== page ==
My favorite candidate for President, Michele Bachmann, has recently called for the repeal of the Environmental Protection Agency, or EPA, which is really the Employment Prevention Agency. This bureaucracy cares nothing for the fact that unemployment is itself a serious health hazard—“increasing mortality rates, causing physical and mental ill-health and greater use of health services,” according to a medical journal article.
Of course, the Left has attacked her furiously for this, and for many other things (aka for being a conservative). Yet let them try to find the EPA in the Constitution! This explicitly mandated only three branches of government, which would mutually check and balance each other. The EPA is in effect a fourth branch of government, combining both legislative and executive powers. Dr Thomas Sowell, economist and Patriot columnist, calls this an “end-run” around the Constitution, replacing “We the People” with “We the Bureaucrats”.
For example, the EPA has explicitly contradicted the Constitutionally-mandated legislative branch—Congress—in their mad crusade to declare CO2 a poison rather than the plant food and component of exhaled air that it is. For more on the global warm-mongering scam and other fallacies, see my previous column Ecofascist idiocy.
Many of the Left attack the free market for being “selfish” and “greedy”, so want to put more things under the control of government. But they are wilfully ignorant of the fact that they are universal traits of mankind, including politicians and bureaucrats. It is hardly an accident that bureaucrats, free from the constraints of having to please customers, use their power for self-aggrandisement and pushing their own agenda (see also Patriot column The Greed Myth). The EPA is no exception, since from the beginning it was captured by environmental radicals who used their new-found power to push their agenda and trample over ordinary Americans.
But even the CO2 ban is hardly the worst thing the EPA has done. Some of their earliest actions should earn them the title: “Exterminating People Agency”.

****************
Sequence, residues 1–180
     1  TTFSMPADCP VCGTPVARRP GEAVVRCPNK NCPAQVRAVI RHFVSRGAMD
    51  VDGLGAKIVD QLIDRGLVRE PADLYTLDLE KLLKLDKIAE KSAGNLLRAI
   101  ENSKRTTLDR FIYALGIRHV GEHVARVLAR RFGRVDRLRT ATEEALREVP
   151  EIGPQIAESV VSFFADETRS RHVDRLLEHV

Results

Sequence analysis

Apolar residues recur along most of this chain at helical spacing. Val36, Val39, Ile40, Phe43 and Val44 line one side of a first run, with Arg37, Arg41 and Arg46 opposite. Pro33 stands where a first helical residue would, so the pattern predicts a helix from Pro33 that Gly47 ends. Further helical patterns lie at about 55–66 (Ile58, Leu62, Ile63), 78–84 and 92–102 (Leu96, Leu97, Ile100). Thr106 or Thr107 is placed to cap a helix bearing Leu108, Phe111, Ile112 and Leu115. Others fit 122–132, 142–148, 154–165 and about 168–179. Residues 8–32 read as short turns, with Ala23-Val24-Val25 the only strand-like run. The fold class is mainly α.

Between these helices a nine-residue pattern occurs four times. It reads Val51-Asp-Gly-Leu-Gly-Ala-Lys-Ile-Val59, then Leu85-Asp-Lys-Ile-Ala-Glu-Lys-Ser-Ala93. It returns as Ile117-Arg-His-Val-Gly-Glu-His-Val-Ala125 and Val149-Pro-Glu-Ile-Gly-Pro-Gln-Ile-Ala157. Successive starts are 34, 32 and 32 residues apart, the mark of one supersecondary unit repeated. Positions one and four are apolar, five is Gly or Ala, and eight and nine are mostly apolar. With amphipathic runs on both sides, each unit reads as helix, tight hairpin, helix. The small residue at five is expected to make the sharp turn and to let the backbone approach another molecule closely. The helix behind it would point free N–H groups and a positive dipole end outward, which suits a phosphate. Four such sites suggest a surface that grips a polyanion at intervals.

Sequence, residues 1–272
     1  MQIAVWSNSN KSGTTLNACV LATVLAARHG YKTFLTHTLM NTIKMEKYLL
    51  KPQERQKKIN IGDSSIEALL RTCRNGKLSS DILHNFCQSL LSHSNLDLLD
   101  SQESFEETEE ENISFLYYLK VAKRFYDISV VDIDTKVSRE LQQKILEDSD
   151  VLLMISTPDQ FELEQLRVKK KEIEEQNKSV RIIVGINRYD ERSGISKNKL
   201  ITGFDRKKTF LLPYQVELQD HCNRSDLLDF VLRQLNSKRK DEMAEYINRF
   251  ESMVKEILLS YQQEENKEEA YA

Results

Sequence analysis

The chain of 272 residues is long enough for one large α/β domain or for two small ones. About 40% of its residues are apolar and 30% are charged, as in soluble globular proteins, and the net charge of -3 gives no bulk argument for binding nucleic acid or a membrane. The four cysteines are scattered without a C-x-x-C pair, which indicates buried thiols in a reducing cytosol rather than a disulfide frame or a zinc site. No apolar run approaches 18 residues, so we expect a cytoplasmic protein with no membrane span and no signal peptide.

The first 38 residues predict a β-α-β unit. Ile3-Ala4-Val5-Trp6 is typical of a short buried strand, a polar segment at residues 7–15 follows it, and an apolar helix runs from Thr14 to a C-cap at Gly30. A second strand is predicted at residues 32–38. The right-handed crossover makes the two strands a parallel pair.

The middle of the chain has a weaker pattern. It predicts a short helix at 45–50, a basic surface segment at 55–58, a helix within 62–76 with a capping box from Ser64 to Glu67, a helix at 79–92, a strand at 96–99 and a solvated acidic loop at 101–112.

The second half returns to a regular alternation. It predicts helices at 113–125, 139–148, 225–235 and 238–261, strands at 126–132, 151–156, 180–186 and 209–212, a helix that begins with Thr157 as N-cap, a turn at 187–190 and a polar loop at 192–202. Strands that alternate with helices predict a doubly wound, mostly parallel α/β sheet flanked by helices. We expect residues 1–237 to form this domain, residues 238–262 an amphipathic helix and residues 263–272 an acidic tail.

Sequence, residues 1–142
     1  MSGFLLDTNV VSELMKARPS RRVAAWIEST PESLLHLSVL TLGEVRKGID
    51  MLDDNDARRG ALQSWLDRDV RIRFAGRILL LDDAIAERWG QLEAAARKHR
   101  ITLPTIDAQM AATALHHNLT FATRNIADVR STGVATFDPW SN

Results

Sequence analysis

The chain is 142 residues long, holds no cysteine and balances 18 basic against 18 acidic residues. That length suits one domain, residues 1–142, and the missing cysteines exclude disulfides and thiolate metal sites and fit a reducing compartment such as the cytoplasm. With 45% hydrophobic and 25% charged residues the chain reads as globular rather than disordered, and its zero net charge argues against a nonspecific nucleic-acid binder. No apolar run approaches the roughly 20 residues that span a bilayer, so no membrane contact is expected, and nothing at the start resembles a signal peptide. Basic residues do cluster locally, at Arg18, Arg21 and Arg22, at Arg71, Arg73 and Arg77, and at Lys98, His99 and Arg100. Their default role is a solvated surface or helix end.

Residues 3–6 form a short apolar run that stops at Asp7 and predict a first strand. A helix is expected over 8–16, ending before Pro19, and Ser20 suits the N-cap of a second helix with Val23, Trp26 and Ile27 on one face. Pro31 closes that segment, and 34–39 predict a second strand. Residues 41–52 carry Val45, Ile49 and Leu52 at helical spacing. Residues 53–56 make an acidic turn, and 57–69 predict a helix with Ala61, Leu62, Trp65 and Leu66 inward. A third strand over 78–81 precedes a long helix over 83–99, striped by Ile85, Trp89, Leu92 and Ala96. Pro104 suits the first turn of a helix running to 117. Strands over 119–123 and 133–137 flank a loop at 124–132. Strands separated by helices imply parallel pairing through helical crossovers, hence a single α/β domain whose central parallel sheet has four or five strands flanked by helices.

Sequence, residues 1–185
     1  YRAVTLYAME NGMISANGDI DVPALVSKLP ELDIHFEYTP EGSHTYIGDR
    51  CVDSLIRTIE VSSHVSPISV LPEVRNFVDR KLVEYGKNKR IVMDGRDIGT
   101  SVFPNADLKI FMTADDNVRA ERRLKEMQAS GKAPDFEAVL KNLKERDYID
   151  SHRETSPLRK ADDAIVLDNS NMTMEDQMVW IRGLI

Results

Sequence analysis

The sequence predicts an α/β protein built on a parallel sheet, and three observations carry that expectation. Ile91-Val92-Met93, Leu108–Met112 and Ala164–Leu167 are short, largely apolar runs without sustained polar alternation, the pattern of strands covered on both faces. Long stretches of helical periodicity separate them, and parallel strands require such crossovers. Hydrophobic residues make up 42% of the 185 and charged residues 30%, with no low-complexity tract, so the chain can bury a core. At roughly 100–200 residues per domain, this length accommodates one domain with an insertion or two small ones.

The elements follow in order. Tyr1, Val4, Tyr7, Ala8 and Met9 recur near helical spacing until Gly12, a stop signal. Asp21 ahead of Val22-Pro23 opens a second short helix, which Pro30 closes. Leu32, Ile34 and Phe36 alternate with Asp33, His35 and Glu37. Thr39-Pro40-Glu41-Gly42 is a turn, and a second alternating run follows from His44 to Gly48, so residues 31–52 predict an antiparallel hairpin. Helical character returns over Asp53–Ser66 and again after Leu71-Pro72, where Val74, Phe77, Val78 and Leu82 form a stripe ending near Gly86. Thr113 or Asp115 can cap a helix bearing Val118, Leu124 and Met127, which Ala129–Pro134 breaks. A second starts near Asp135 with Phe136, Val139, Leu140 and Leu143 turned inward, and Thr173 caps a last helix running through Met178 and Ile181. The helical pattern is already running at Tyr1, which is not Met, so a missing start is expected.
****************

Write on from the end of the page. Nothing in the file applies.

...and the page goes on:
DDT, the wonder chemical
Most of us have heard of DDT, which stands for the complex name of the insecticide dichlorodiphenyltrichloroethane (and this is a short form for its technical name 1,1,1-trichloro-2,2-di(4-chlorophenyl)ethane!). It was first made in 1874 by the Austrian chemist Othmar Zeidler.
However, in 1939, the Swiss chemist Paul Hermann Müller discovered that it was an extremely powerful insect killer, even in tiny amounts. This provided a new weapon in the fight against deadly insect-borne diseases. For this, he was awarded the Nobel Prize in Physiology or Medicine in 1948 “for his discovery of the high efficiency of DDT as a contact poison against several arthropods [one of the largest groups in the animal kingdom, which includes all insects, spiders, tics and mites].”
In the Award Ceremony Speech, Professor G. Fischer explained that it was used to control a terrible outbreak of typhus in Naples during WW2, which had resisted previous treatments. It was carried by a louse described as “the mass killer which has slaughtered 200 million people in Europe and Asia alone.” But DDT annihilated the lice that carried the disease, with the result:
“1,300,000 people were treated in January 1944 and in a period of three weeks the typhus epidemic was completely mastered. Thus, for the first time in history a typhus outbreak was brought under control in winter. DDT had passed its ordeal by fire with flying colours.”
Furthermore, DDT is essentially non-toxic to humans. Leading entomologist Dr Gordon Edwards recalls that during WW2:
“I was ordered to dust every soldier in our company with an insecticidal powder that had just been received. For two weeks I dusted the insecticide on soldiers and civilians, breathing the fog of white dust for several hours each day. The body lice were killed, and the DDT persisted long enough to kill young lice when they emerged from the eggs. Fortunately, no human beings have ever been harmed by DDT.”
In fact, DDT is even safe enough to eat! Economist Walter Williams points out:
“In one long-term study, volunteers ate 32 ounces of DDT for a year and a half, and 16 years later, they suffered no increased risk of adverse health effects.”
DDT v malaria
DDT subsequently became famous for almost eradicating the deadly mosquito-borne plague of malaria. The World Health Organization points out:
“Every year, this leads to about 250 million malaria cases and nearly one million deaths.”